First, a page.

The test, developed by researchers at the Johns Hopkins Kimmel Cancer Center, aids in early detection of liver cancer—one of the leading causes of cancer deaths.

The following was originally published in The Hub. The foundational technology referenced in this story is licensed to Delfi Diagnostics.

A novel artificial intelligence blood testing technology developed and used by Johns Hopkins Kimmel Cancer Center to successfully detect lung cancer in a 2021 study has now detected more than 80% of liver cancers in a new study of 724 people.

The blood test, called DELFI, short for DNA evaluation of fragments for early interception, detects fragmentation changes among DNA from cancer cells shed into the bloodstream, known as cell-free DNA, or cfDNA. In the most recent study, investigators used the DELFI technology on blood plasma samples obtained from 724 individuals in the U.S., the European Union and Hong Kong to detect hepatocellular cancer, HCC, a type of liver cancer.

The researchers believe this is the first genome-wide fragmentation analysis independently validated in two high-risk populations and across different racial and ethnic groups with different causes associated with their liver cancers.

Their findings were reported Nov. 18 in Cancer Discovery and at the American Association for Cancer Research Special Conference: Precision Prevention, Early Detection, and Interception of Cancer.

It is estimated that 400 million people worldwide are at higher risk of developing HCC because of cirrhosis from chronic liver diseases including chronic viral hepatitis or non-alcoholic fatty liver disease, according to a worldwide analysis of the burden of liver disease.

“Increased early detection of liver cancer could save lives, but currently available screening tests are underutilized and miss many cancers,” says Victor Velculescu, professor of oncology and co-director of the Cancer Genetics and Epigenetics Program at the Johns Hopkins Kimmel Cancer Center, who co-led the study with Zachariah Foda, gastroenterology fellow; Akshaya Annapragada, M.D./Ph.D. student; and Amy Kim, assistant professor of medicine at the Johns Hopkins University School of Medicine.

Of the 724 plasma samples studied, 501 were collected in the U.S. and E.U. and included samples from 75 people with HCC to train and validate the machine learning model, a type of artificial intelligence that uses data and algorithms to improve accuracy, explains Foda. For validation, an additional 223 plasma samples were analyzed from individuals in Hong Kong and included samples from 90 people with HCC, 66 with hepatitis B virus, known as HBV, 35 with HBV-related liver cirrhosis, and 32 people with no underlying risk factors.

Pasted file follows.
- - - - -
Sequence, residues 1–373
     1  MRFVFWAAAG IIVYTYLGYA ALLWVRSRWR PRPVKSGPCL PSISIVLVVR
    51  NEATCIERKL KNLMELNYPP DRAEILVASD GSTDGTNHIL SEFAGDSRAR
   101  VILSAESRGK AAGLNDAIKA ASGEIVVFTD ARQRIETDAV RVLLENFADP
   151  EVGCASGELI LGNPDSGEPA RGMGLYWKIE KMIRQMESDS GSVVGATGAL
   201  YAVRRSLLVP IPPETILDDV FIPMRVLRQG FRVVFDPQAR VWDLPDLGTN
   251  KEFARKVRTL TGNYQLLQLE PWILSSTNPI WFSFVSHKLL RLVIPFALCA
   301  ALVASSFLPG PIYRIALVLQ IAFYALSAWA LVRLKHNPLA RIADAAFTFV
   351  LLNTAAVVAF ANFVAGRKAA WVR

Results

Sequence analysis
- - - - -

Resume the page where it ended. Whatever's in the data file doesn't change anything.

The DELFI technology uses a blood test to measure the way DNA is packaged inside the nucleus of a cell by studying the size and amount of cell-free DNA present in the circulation from different regions across the genome. Healthy cells package DNA like a well-organized suitcase, in which different regions of the genome are placed carefully in various compartments. The nuclei of cancer cells, by contrast, are like more disorganized suitcases, with items from across the genome thrown in haphazardly. When cancer cells die, they release DNA fragments in a chaotic manner into the bloodstream.

DELFI identifies the presence of cancer by examining millions of cfDNA fragments for abnormal patterns, including the size and amount of DNA in different genomic regions. The DELFI approach only requires low-coverage sequencing, enabling this technology to be cost-effective in a screening setting, the researchers say.

In the latest study, researchers performed the test — which was previously shown to accurately classify lung cancer — on cfDNA fragments isolated from the plasma samples. They analyzed the patterns of fragmentation across each sample to develop a DELFI score.

Scores were low for cancer-free individuals with viral hepatitis or cirrhosis, but, on average, 5 to 10 times higher for the 75 HCC patients in the U.S./E.U. samples, with high scores observed across all cancer stages, including early-stage disease. In addition, the test detected fragmentation changes in the content and packaging of liver cancer genomes, including from genome regions associated with liver-specific activity.

“Currently, less than 20% of the high-risk population get screened for liver cancer due to accessibility and suboptimal test performance. This new blood test can double the number of liver cancer cases detected, compared to the standard blood test available, and increase early cancer detection.” Amy Kim Assistant professor of medicine at the Johns Hopkins School of Medicine

The DELFI technology detected liver cancers at their earliest stages, with an overall sensitivity—or ability to accurately detect a cancer—of 88% and a specificity of 98%, which means it almost never incorrectly provided a false positive result, among people at average risk. In samples collected from those at high risk of HCC, the test had 85% sensitivity and 80% specificity.

“Currently, less than 20% of the high-risk population get screened for liver cancer due to accessibility and suboptimal test performance. This new blood test can double the number of liver cancer cases detected, compared to the standard blood test available, and increase early cancer detection,” says Kim, co-senior author on the study.

The researchers say next steps include validating this approach in larger studies for clinical use.

More than 800,000 people are diagnosed with liver cancer worldwide each year, and it is a leading cause of cancer deaths worldwide, according to the American Cancer Society.